You've been training boxing only for a couple of years, yet you were outstriking the more experienced Herman. What do you credit for developing that area of your game so quickly?

There's a lot to credit. I credit my wrestling background and a lot of that goes to my dad. He's the one that started me in wrestling and told me all the stories about the guys who trained hard, and he was a big boxing fan. [He'd tell me] about Jack Dempsey and some of these great boxers, and that was just growing up.

Then I got to credit my gym and my training partners. The Lally brothers really helped me develop my striking, my toughness to stay in the pocket, and when punches are thrown at me [to] throw them back. My training partners – we don't go light on each other. Jesse Forbes tries to take my head off everyday we spar and that only makes me better.

All those guys I have in there are just a culmination of a lot of different things coming together. Really it's the right time for me. It's just the perfect time for me, even though I'm a little older. The age thing doesn't matter to me. I have another ten years in this sport if I take care of my body and train like I'm capable of training.

You've said you love the mental aspect of MMA. Can you talk a little about how you handled the Herman fight having the betting odds and crowd against you?

I've been kind of the underdog my entire life in a lot of different things. Especially wrestling in Arizona State, going against universities like the University of Iowa and Oklahoma State, some of these top notch schools. We were always underdogs and we've always competed in big crowds. I've gained so much mental toughness just in my wrestling background as far as just flip the switch and compete hard when it's time to compete when something's on the line.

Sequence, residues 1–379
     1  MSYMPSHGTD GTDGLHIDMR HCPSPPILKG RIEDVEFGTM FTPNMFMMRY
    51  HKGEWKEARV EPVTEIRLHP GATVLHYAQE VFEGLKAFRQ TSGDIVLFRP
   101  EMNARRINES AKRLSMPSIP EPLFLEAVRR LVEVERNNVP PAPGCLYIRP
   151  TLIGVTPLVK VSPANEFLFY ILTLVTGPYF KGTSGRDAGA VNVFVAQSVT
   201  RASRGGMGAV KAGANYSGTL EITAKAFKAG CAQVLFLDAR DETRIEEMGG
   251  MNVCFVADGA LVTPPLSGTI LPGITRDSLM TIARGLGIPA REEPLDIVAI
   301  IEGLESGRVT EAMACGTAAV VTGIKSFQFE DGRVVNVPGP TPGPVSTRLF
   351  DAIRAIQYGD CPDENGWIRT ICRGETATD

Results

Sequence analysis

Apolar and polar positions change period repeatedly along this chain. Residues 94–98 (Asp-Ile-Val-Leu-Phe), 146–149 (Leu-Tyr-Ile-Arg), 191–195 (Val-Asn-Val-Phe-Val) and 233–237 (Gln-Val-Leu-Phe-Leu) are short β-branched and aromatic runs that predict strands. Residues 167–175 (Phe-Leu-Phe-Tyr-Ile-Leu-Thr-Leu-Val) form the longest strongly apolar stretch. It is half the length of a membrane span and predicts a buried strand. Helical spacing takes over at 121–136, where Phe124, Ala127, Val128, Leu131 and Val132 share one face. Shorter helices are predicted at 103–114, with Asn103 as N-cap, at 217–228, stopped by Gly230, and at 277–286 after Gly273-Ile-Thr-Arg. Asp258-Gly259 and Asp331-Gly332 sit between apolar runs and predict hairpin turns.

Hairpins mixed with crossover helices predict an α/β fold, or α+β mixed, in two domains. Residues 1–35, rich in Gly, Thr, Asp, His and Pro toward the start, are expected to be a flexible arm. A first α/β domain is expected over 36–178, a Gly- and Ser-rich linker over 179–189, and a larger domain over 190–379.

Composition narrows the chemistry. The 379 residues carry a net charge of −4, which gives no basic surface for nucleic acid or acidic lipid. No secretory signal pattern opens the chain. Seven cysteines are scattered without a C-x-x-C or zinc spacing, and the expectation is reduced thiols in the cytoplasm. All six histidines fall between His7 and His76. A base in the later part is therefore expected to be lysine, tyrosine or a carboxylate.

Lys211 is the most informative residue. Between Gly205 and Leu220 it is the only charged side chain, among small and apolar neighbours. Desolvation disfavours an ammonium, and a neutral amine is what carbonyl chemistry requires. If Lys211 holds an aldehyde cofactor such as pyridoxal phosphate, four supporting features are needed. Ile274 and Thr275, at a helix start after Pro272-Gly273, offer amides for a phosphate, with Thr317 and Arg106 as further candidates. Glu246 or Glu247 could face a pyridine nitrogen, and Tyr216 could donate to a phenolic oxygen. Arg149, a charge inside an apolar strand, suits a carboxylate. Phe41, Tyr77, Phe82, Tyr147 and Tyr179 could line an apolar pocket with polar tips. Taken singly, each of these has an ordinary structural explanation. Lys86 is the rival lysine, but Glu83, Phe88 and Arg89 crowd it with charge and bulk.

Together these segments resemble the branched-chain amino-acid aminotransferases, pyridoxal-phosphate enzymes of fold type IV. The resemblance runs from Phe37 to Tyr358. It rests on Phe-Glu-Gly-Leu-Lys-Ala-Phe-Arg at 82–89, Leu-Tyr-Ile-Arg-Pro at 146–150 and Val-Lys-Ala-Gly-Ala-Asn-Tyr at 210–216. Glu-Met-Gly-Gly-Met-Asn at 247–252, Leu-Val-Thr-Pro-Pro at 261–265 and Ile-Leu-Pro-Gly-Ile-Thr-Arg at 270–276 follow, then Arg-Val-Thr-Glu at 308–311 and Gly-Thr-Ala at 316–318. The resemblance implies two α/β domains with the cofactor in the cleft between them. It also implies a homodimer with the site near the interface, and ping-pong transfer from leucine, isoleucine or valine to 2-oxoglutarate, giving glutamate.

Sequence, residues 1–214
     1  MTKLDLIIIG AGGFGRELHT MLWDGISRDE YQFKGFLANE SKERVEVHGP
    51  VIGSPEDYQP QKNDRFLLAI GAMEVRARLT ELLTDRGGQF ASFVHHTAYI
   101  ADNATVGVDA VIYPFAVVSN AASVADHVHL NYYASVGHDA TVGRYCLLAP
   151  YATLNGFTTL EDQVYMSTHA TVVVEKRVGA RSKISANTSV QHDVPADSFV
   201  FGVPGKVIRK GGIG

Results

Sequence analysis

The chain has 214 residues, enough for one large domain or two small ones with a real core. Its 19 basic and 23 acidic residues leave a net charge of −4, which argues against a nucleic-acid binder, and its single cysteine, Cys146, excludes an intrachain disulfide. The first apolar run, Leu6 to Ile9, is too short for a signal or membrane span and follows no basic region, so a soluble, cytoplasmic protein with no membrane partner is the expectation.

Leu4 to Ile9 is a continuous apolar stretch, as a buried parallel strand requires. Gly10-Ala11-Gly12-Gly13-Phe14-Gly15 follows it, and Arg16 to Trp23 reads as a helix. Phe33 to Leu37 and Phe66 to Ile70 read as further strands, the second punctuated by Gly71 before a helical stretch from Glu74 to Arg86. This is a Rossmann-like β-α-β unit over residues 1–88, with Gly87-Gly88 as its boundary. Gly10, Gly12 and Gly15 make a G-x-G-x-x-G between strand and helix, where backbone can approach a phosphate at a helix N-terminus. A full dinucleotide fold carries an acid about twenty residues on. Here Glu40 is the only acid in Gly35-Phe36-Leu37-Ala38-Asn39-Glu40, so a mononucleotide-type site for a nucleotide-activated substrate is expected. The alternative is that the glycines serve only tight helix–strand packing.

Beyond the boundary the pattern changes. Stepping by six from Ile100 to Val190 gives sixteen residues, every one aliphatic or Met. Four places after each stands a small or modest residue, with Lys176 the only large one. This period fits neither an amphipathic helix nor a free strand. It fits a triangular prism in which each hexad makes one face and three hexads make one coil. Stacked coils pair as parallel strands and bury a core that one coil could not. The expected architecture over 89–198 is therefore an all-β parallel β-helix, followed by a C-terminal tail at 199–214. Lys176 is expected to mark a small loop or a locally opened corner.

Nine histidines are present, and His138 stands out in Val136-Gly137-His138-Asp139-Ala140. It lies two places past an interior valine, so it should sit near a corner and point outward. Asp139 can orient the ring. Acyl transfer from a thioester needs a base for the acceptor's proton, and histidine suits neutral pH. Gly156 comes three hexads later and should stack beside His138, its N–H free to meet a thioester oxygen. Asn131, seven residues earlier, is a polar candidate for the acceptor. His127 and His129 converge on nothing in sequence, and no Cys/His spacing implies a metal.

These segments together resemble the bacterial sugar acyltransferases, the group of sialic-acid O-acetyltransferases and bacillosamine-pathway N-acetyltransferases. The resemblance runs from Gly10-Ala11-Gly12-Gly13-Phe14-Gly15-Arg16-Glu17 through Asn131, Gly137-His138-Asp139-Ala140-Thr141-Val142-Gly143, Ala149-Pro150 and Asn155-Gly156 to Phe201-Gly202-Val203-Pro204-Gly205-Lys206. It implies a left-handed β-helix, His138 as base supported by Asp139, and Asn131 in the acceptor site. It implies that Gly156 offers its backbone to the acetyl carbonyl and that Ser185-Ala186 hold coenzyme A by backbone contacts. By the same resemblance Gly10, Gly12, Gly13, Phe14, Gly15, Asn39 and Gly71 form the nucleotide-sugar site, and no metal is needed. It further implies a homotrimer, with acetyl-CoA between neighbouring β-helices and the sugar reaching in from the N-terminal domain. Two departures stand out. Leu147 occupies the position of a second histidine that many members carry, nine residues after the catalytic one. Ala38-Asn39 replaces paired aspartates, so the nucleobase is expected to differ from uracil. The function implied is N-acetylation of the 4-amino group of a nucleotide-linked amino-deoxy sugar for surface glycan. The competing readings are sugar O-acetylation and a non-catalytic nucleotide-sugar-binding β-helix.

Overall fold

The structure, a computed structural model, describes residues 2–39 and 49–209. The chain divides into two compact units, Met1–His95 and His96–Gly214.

That really I think bodes well for me in MMA because here I am in another one-on-one sport in front of huge crowds and none of that really fazes me. My mentality is that I have another guy across the cage and everything outside of that Octagon is blacked out. As soon as I step in there, it's like something comes over, but I get tunnel vision and have but one job to do and I'm not going to step out of the cage into that job is done. And I think that mentality that I have developed over years and years of training. Like I've said, I really enjoy that mental aspect of [MMA]. How mentally tough you have to be to want to be another man physically.

You brought up after the win that you're "days are numbered" and that you'll fight whomever Joe Silva puts in front of you. But considering that you are 35, do you want to fight the top competition right away?